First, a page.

Friday, 28 March 2008

Disproportionately useful theories #5: central bank independence

In a competition for the theory with the most impact on economics and public awareness of economics over the last twenty years, the theory of central bank independence would be a strong contender. The idea is that governments should not set interest rates on a day-to-day basis, but rather tell someone else what inflation rate they want and then let that someone else set interest rates to obtain an inflation rate close to the target. Inflation can be controlled by interest rates (since with high interest rates, economic activity slows down because borrowing is expensive, and so does inflation), and the central bank (the government's bank) is the organisation to control inflation because they have access to such large amounts of money that they can influence interest rates unlike anyone else.

There are many design considerations for the central bank. How often should it report back to the government? What role should the government have? Is the arrangement democratic? Should the central bank only think about inflation or worry about the effect of its actions on output too? What sort of person should be head of a central bank?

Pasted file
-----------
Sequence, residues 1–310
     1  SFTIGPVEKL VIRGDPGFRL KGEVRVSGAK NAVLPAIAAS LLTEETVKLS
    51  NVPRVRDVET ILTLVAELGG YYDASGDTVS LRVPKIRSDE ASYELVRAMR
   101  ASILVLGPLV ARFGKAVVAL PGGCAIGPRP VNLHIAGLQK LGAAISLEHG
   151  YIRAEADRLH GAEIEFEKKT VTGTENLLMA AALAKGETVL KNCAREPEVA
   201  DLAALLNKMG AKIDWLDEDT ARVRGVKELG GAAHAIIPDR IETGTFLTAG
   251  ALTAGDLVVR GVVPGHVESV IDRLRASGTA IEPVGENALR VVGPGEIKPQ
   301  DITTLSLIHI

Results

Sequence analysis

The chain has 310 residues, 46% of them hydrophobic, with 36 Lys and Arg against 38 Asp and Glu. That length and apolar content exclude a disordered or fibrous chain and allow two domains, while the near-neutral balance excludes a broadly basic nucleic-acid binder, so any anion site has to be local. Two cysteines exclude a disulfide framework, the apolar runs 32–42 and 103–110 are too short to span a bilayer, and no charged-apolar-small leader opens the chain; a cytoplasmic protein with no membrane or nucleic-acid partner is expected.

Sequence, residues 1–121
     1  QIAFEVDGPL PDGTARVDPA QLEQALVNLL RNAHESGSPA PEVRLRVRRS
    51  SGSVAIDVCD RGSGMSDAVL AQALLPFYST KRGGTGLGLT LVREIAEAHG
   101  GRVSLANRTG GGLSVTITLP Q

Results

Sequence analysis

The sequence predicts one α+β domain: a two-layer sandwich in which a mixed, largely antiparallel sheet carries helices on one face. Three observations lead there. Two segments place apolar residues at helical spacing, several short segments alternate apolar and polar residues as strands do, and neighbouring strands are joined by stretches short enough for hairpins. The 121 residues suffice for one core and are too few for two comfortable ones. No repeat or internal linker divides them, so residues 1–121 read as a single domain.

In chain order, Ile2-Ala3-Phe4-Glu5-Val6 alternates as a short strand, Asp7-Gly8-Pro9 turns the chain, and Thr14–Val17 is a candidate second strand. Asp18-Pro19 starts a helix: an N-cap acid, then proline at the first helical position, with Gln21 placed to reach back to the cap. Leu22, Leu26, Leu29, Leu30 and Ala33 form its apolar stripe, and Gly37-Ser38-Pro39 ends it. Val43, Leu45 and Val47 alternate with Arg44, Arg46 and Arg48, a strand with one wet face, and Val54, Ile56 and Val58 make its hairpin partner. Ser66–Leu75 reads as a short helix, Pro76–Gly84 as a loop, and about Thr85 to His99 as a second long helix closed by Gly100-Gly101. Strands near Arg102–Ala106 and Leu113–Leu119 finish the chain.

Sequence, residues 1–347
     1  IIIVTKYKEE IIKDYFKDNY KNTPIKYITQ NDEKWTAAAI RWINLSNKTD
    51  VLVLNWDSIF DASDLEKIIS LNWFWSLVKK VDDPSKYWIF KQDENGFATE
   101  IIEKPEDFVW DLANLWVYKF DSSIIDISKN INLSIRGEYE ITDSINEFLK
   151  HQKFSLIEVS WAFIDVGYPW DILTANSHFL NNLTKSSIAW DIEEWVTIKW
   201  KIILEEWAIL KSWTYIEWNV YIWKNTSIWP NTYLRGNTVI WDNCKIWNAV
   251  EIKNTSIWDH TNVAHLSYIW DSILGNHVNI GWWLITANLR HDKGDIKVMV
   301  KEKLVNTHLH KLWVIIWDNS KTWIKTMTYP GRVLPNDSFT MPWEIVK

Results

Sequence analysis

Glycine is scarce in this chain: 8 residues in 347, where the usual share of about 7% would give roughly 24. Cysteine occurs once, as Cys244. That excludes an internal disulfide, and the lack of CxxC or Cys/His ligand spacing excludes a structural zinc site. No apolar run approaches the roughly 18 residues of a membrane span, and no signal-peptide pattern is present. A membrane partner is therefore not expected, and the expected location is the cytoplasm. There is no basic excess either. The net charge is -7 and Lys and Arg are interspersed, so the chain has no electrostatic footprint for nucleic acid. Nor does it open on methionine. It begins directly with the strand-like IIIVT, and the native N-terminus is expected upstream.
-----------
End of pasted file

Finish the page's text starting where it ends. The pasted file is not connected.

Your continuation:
The theory's importance was boosted by a number of factors - it followed a period of very high global inflation and a subsequent slump, it coincided and anticipated increasing concern with institutional arrangements in economic affairs, it is comparatively easy for policymakers to understand and implement the recommendations, and its subject is considered important in neo-liberal economics' worldview.

The modern theory received its present impetus in a paper from 1985 entitled "The optimal degree of commitment to an intermediate monetary target", which by virtue of its topic is arguably the theoretical paper with the most impact since its publication. It produces theoretical results in most of the major pure economic aspects of optimal design, it uses mathematical models without the reader feeling that the theory would collapse entirely if the assumptions are varied, and it has a high ratio of clearly derived results to discussion. If the paper's extreme influence was inflated by circumstance, it took full advantage of the opportunity.

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